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Ayutthaya: Glimpses of past glory
by YVONNE BOHWONGPRASERT AND JON TAAFFE, The Bangkok Post, May 30, 2008
Highlights of a town that was once a metropolis
Ayutthaya, Thailand -- Ayutthaya, the original "Venice of the East", has a richly textured past that is impressively chronicled at the Chao Sam Phraya National Museum in that province's Muang district. Named after the man who became Borommaracha II, the seventh ruler of Ayutthaya, it houses the most extensive collection in the country of artefacts from this great civilisation. Founded in 1350 by King U-Thong, it was to hold sway over much of central Thailand, and beyond, for the next four centuries.
<< The restored main `prang' at Wat Ratburana seen through the doorway of the adjacent `viharn'.
Opened to the public in 1961, the museum now displays some 2,400 items, with many more kept in storage because of space constraints. That there are any exhibits at all is a testament to the efforts of the Fine Arts Department and the dedication of a small group of historians and archaeologists. For Ayutthaya, a city built mostly from wood, was methodically looted and then burned to the ground after its capture in 1767 by two armies from the Burmese kingdom of Ava. When the invaders left, taking with them much booty and the surviving population as war captives, little remained except the ruins of the city walls and severely damaged stone temples and statuary.
It was one of these temples which, many years later, was to yield up a fabulous hoard of treasure that is today given pride of place in a room of its own at the museum.
In late 1957, looters broke into the the main prang and dug down into a two-level crypt beneath it to steal a great quantity of valuable material, most of which has never been recovered. The Fine Arts Department proceeded to excavate the site and found a total of nine rooms containing bronze Buddha images, precious stones and many artefacts made of gold, including royal regalia and miniature utensils. Also discovered were more than 100,000 votive tablets placed neatly one on top of the other, each hoard topped by images of the Buddha from Siam, India, Burma, (what is now) Indonesia and Nepal, plus some Hindu images. Proceeds from the sale of some of these votive tablets were later used to fund the construction of the Chao Sam Phraya National Museum.
The spacious main hall there is an elaborate showcase of Buddha images and the remnants of architectural features from different periods. The oldest religious stone images date back to the Dvaravati period (7th and 8th centuries). Among the most striking are an enormous seated Buddha and one in a peaceful meditation pose. An artistically executed bronze Buddha head, recovered from Wat Thammikarat (13th or 14th century), had drawn a huddle of admiring visitors at the time of our visit.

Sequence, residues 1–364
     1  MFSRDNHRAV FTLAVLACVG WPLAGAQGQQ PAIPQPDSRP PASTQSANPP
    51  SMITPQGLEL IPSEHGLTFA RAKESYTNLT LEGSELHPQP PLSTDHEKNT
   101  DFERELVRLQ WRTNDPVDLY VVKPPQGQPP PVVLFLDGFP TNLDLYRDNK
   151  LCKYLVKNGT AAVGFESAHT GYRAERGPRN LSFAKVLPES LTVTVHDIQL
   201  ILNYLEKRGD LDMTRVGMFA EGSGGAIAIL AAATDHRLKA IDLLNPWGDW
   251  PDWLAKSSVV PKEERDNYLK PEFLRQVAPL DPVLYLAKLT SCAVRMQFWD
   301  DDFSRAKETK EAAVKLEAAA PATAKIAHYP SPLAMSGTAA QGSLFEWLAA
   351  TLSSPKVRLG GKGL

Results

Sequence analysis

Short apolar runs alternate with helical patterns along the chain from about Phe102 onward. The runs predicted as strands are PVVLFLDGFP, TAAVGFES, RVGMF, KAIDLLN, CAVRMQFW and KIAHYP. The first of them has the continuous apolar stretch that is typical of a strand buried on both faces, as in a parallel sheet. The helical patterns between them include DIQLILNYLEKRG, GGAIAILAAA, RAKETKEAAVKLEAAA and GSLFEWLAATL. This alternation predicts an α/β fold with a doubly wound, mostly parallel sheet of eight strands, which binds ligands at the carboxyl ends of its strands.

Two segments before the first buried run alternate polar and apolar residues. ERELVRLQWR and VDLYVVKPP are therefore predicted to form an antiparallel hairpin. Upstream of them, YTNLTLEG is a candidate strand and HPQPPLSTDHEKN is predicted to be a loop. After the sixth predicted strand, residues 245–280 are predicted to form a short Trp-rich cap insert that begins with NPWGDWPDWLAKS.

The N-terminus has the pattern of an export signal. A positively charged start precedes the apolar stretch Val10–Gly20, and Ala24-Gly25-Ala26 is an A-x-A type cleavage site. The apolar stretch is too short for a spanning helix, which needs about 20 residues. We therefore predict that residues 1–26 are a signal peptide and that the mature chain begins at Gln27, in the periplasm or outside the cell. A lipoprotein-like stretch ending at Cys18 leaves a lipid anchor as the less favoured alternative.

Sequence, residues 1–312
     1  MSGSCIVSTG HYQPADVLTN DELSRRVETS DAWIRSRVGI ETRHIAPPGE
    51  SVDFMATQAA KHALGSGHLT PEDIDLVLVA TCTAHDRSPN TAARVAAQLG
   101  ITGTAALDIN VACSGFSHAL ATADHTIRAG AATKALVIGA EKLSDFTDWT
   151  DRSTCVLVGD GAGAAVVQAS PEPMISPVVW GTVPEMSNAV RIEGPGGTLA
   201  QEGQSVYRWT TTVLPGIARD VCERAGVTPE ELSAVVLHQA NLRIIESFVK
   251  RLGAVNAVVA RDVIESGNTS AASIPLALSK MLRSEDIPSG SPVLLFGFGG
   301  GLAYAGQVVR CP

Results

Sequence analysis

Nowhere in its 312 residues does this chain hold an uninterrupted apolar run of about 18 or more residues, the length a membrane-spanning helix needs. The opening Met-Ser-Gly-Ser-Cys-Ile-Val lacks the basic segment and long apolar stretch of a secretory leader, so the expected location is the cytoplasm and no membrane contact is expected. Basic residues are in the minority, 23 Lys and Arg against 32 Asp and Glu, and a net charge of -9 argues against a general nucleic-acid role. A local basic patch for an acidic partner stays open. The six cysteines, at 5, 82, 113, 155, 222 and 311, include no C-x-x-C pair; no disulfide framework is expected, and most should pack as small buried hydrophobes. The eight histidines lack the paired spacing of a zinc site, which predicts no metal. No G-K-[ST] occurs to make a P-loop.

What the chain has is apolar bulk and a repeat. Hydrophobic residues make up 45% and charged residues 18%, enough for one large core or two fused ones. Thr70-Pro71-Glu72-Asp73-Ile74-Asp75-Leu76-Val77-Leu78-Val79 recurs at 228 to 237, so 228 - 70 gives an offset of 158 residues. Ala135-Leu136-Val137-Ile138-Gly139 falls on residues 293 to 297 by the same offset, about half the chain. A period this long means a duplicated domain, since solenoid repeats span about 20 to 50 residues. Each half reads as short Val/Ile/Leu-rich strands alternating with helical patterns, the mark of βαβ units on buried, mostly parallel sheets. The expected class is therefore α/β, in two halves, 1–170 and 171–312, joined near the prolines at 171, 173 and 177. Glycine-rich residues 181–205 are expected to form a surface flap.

On its right are glass cabinets holding more Buddha images excavated at Wat Ratburana and Viharn Phra Mongkhon Bophit.
Farther down, towards the right-hand corner, is some of the stuccowork which once decorated Wat Mahathat, thought to be one of the earliest temples in the old city and located opposite Wat Ratburana.
Displays along the wall to the left include a large variety of paintings on wood panels from Wat Phra Si Sanphet and part of a garuda statue. In this section of the hall, too, are artefacts dating from the reign of Narai the Great (1656-88), when the kingdom of Ayutthaya was at the pinnacle of its glory.
This 7th-century Buddha image (right background) is the oldest exhibit
in the museum >>
The upper floor houses royal and religious paintings, antique coins, small clay tablets inscribed with sacred Buddhist texts and a terracotta pedestal bearing an image of Mother Earth and disciples of the Buddha.
The main attraction on this level is the Ratburana Room and its display of gold ornaments and jewellery unearthed from the crypt of the temple of the same name. These priceless pieces are kept in locked cabinets, watched over by an ever-vigilant attendant. Noi, our tour guide, remarked that people tend to spend a lot of time here, lingering to admire the superb craftsmanship of treasures including necklaces, pendants, a scaled-down model of a famous prang made of embossed gold plate and miniature reproductions of royal regalia.